The Historical Journey of Coffee in Temanggung Regency: From Forced Plantations to Creative Processing

The road known as Jalan PTPN IX, cutting through Sidoharjo Village, Candiroto, Temanggung, bears witness to the silent journey of the region’s coffee history. With a plantation area of about 400 hectares, this regency stands as the foremost coffee producer in Central Java. Through a long journey as a coffee producer, Temanggung Regency has created a variety of unique coffee variants derived from the creativity of processors and the specific locations where the plants thrive.

Since 2017, coffee from Temanggung has been showcased at various international exhibitions, introducing the richness and uniqueness of coffee flavors from this region. In an effort to promote local coffee, Temanggung Regency continues to develop the creativity of processors, producing captivating coffee variants for coffee enthusiasts globally.

For example, Muncar Village, Gemawang, is renowned for its vanilla and mocha-scented coffee. Similarly, Jambu Village, Kledung, produces Arabica coffee with a distinct tobacco aroma. This development is evidence that Temanggung Regency is not only the largest coffee producer in Central Java but also possesses globally recognized coffee variants.

Tracing back the history, we find that coffee has been known in Temanggung Regency for two centuries. During the Dutch colonial era, coffee grew as a fence plant around the homes of farmers on the slopes of Mount Ungaran and Mount Merbabu. Initially labeled as “pagerkoffij,” “boschkoffij,” and “kampongkoffij,” it later became known as “manasuka” coffee.

In 1820, four years after the end of Thomas Stanford Raffles’ rule, Kedu farmers were ordered to plant coffee. The expansion of coffee cultivation extended to the north and south of the Kedu Residency. At its peak in 1866–1867, the area of coffee plantations reached 10,236 bahu, equivalent to about 10 million trees.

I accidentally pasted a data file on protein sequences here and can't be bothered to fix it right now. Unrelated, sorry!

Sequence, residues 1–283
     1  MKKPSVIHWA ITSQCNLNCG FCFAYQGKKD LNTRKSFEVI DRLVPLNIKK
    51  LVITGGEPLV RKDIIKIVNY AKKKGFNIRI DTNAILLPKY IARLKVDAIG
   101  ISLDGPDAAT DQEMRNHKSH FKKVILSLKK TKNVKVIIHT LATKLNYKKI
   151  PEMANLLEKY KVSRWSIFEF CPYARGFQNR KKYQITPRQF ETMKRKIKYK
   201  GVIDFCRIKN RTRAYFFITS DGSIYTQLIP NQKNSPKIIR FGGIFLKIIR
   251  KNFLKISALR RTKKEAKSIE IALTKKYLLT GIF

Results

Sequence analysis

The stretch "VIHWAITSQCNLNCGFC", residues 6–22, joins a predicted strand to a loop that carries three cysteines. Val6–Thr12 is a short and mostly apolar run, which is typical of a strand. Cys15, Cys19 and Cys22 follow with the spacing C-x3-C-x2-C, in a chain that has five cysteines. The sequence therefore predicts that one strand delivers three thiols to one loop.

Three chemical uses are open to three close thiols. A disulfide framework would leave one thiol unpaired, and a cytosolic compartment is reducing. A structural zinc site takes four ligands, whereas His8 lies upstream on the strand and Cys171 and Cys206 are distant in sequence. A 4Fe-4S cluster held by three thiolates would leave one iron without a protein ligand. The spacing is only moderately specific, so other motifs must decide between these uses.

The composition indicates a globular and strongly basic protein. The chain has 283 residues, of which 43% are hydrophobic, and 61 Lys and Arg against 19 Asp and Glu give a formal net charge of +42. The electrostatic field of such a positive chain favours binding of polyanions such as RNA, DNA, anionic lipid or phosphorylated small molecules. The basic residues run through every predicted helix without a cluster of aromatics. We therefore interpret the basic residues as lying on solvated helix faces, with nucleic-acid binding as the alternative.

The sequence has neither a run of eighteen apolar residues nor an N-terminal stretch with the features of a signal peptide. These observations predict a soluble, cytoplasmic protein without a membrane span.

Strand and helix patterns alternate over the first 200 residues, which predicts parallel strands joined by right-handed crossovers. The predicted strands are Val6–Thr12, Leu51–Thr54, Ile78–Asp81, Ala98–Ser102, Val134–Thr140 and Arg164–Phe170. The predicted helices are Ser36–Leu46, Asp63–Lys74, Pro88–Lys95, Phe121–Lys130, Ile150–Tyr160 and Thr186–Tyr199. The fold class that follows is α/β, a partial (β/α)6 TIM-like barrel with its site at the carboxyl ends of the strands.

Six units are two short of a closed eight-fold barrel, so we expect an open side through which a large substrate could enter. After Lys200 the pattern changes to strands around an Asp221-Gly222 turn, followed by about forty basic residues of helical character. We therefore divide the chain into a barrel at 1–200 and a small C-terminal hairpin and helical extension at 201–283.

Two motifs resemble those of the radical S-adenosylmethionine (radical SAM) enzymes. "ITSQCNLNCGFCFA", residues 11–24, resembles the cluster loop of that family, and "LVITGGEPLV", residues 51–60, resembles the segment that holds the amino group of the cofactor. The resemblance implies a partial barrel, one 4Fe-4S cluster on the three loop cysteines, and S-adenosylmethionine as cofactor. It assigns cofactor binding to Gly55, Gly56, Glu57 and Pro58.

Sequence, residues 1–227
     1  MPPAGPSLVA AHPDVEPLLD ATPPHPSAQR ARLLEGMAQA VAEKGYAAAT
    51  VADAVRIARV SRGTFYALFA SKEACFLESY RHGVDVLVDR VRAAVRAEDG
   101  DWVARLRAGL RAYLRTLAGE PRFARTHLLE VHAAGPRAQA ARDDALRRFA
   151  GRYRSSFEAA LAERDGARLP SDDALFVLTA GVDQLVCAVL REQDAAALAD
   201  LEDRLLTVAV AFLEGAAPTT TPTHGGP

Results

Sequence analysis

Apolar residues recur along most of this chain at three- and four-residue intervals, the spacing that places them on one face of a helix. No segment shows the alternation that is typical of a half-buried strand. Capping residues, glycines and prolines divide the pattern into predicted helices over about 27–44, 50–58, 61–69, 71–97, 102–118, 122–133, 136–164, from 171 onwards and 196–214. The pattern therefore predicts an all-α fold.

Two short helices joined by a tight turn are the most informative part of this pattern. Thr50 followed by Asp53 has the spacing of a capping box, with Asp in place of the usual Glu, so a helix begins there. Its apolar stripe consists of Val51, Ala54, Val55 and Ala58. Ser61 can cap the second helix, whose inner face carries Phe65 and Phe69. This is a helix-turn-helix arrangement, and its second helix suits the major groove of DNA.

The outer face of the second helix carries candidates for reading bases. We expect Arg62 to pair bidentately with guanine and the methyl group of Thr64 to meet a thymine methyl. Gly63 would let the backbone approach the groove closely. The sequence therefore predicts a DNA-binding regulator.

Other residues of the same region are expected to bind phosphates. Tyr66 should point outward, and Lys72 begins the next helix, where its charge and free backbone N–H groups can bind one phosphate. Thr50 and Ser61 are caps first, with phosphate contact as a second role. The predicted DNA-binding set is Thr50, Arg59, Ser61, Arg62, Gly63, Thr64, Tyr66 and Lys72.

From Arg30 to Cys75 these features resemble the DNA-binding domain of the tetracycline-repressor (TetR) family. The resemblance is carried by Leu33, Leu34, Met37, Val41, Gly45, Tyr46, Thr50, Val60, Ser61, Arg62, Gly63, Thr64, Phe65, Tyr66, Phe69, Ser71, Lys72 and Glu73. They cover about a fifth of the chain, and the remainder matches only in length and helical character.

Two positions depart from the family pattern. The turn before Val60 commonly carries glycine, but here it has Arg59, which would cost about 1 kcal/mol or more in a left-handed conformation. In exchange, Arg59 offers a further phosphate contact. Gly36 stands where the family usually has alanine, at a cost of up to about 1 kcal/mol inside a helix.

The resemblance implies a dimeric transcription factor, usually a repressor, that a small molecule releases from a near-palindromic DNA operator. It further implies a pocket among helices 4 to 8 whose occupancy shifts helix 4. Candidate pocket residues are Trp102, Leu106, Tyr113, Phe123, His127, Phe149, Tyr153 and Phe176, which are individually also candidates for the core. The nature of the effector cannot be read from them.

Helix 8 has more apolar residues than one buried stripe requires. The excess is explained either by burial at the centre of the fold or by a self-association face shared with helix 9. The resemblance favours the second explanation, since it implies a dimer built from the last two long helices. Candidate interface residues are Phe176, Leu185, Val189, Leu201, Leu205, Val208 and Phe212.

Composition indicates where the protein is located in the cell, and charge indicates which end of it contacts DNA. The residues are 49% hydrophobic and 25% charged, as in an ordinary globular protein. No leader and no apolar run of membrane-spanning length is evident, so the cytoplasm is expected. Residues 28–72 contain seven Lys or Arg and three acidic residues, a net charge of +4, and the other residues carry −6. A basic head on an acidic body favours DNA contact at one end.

Unfortunately, the forced planting imposed by the Dutch colonial government at that time had negative consequences for the farmers. Despite the high demand for coffee in the international market, farmers felt the burden of paying land rent, a tax on the inheritance of Raffles, to the colonial government. This situation left farmers in debt and facing economic difficulties.

Although forced planting was halted in 1870, its impact persisted. It was only in 1917 that forced planting was completely abolished. During this period, Kedu’s coffee production ranked third in the entire Dutch East Indies. However, there was a decline in soil fertility and a decrease in the size of plantations due to unsustainable exploitation.

Facing these challenges, coffee processors in Temanggung continue to showcase their creativity. Through international exhibitions, they have successfully promoted Temanggung coffee on the global stage. In the future, the sustainability of coffee production in this region will be greatly influenced by policies supporting farmers, the creativity of processors, and awareness of environmental sustainability.

The historical journey of coffee in Temanggung Regency, from the colonial era to the present-day creativity of processors, proves that coffee is not just an economic commodity but also a part of the identity and cultural richness of this region. By continually developing innovations and maintaining sustainability, Temanggung Regency is ready to explore the future as one of Indonesia’s leading coffee producers.